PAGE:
membrane 113, for compensating for the combined thickness of template 10 and
Once main parts 101 and 102 are engaged to clamp membrane 113, cavity
115 is sealed. Pressure source 116 is then devised to apply an overpressure to a fluid
medium in cavity 115, which may be a gas, a liquid or a gel. The pressure in cavity
115 is transferred by membrane 113 to template 10, which is pressed towards
substrate 12 for imprinting the template pattern in layer 14, cf Fig. 2. For a prepolymer
material of layer 14 having sufficient viscosity at typically room
temperature, typically between 20 and 25°C, imprint may be made directly.
However, crosslinkable polymer solutions typically need pre-heating to overcome
its glass transition temperature Tg, which may be about 60°C. An example of such a
polymer is the afore mr-L6000.1 XP. When using such polymers, the apparatus 100,
having combined radiation and heating capabilities, is particularly useful. However,
for bom these types of materials a post-baking step is generally needed to harden
the radiation-solidified layer 14'. As previously mentioned, an aspect of the
invention is therefore to apply a raised temperature Tp to the material of layer 14,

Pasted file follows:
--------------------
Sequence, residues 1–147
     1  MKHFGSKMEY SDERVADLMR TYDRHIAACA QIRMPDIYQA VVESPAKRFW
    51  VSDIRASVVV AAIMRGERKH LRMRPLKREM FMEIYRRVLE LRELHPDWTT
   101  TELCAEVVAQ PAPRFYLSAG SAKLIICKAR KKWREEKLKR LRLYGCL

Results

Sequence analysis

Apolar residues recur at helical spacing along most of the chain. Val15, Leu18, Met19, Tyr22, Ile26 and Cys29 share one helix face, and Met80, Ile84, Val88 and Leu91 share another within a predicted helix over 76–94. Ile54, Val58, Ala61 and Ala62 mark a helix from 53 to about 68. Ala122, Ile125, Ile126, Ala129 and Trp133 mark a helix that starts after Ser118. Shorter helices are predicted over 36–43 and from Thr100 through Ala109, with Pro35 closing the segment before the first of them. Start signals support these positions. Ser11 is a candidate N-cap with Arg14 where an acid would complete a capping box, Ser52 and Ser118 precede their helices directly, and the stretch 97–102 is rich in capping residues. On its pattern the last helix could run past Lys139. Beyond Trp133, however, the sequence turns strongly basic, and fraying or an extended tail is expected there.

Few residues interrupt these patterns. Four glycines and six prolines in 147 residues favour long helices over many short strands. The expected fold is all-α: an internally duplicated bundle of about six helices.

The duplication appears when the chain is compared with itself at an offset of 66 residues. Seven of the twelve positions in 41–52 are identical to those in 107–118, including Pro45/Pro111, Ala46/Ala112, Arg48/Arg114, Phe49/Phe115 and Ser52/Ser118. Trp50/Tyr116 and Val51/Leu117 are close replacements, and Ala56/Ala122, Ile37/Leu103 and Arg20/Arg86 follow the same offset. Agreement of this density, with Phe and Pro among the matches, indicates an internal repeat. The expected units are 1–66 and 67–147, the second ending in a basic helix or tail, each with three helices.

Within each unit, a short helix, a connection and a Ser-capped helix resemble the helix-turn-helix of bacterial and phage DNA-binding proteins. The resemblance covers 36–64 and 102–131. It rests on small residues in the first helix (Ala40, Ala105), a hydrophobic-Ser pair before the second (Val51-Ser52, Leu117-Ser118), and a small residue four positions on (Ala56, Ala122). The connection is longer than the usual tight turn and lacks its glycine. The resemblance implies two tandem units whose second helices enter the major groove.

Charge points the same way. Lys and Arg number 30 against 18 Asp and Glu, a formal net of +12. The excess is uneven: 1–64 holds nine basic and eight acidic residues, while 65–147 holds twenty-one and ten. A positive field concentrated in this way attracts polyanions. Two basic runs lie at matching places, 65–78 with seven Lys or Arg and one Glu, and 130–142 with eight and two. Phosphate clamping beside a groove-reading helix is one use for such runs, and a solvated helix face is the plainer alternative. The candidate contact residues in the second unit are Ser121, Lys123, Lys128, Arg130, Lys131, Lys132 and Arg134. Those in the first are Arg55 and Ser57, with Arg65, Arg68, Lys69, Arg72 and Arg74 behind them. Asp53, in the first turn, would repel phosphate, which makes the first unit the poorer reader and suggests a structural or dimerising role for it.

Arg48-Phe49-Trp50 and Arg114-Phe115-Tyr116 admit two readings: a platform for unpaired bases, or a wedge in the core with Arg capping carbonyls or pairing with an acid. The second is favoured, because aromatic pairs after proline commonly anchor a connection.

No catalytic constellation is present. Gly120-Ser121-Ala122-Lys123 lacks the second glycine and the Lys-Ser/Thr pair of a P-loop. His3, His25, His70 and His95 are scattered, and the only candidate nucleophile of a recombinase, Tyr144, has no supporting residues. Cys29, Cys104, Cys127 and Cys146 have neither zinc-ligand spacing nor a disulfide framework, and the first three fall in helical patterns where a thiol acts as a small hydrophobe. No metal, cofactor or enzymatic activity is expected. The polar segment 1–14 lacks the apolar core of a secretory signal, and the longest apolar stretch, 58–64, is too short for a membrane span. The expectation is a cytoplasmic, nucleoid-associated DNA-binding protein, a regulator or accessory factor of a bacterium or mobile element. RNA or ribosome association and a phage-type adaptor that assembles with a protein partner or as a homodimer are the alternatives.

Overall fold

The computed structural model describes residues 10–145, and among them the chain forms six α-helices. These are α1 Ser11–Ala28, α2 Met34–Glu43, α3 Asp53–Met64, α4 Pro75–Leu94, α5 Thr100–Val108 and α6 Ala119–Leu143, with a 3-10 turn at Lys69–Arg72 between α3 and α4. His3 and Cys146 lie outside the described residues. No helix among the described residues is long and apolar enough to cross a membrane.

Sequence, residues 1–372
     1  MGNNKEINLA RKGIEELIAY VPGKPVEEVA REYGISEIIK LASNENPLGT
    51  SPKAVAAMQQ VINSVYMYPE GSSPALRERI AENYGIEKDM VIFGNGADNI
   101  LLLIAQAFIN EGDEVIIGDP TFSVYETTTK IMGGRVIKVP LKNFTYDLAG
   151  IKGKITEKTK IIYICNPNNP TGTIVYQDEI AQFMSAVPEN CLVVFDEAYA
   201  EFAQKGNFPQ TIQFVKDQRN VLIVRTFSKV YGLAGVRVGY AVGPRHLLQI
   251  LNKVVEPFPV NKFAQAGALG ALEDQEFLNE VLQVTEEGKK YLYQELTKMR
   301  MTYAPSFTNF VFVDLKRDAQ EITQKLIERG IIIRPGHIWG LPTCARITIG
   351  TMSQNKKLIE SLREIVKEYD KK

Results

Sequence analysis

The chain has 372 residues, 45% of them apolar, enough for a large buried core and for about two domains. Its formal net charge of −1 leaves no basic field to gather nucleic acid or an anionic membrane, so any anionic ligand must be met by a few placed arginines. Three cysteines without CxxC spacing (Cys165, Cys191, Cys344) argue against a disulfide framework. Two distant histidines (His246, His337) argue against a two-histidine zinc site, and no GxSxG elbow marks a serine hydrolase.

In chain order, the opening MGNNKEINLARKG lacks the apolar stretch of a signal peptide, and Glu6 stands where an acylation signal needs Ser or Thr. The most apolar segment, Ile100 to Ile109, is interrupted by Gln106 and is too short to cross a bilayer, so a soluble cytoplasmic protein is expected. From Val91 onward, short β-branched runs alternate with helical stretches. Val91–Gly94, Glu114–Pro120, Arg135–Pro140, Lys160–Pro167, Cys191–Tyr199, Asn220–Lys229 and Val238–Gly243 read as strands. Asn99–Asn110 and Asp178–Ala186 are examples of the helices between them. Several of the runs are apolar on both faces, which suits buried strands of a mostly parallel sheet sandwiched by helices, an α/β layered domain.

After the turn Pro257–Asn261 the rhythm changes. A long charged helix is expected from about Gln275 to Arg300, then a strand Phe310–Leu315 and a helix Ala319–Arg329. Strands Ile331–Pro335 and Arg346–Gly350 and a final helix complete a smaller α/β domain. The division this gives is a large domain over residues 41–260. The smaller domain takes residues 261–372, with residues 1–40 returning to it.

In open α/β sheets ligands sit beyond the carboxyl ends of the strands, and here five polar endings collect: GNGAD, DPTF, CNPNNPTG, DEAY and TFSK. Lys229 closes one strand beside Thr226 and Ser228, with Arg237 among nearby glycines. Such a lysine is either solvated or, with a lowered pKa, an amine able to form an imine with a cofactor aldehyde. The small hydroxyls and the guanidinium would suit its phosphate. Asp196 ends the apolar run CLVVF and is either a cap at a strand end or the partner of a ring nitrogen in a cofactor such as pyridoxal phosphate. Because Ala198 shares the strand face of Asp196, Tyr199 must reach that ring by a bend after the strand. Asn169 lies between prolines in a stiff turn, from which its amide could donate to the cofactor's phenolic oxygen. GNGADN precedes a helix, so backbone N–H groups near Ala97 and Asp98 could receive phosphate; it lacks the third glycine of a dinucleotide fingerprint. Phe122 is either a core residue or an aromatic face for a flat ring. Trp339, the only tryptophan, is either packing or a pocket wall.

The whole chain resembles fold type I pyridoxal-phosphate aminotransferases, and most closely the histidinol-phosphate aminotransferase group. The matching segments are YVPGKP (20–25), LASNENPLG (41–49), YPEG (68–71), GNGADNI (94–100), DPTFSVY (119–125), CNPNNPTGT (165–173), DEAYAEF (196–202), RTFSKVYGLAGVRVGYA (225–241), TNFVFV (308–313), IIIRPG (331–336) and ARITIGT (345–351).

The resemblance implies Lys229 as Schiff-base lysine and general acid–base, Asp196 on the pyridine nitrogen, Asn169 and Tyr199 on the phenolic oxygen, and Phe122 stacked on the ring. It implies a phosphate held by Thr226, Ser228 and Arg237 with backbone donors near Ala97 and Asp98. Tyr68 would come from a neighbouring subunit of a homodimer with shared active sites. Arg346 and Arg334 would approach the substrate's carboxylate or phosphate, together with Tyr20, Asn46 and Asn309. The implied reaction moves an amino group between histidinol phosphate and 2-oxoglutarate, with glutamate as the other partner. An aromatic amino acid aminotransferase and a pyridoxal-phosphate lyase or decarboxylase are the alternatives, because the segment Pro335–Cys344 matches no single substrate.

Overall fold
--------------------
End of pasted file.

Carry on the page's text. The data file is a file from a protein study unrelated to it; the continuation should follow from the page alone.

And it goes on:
which is higher than Tg for the case of a crosslinkable material, and also suitable for
postbaking of the radiation-exposed material. Heater device 20 is activated to heat
layer 14 through substrate 12, by means of heater body 21, until Tp has been
reached. The actual value of Tp is naturally dependent on the material chosen for
layer 14. For the example of mr-L6000.1 XP, a temperature Tp within the range of
50-150°C may be used, dependent on the molecular weight distribution in the
material. The pressure of the medium in cavity 115 is then increased to 5-500 bar,
advantageously to 5-200 bar, and preferably to 20-100 bar. Template 10 and
substrate 12 are thereby pressed together with a corresponding pressure. Thanks to
flexible membrane 113, an absolutely even distribution of force is obtained over the
whole of the contact surface between the substrate and the template. The template
and the substrate are thereby made to arrange themselves absolutely parallel in
relation to one another and, the influence of any irregularities in the surface of the
substrate or template being eliminated.
When template 10 and substrate 12 have been brought together by means of
the applied fluid medium pressure, radiation source is triggered to emit radiation 19.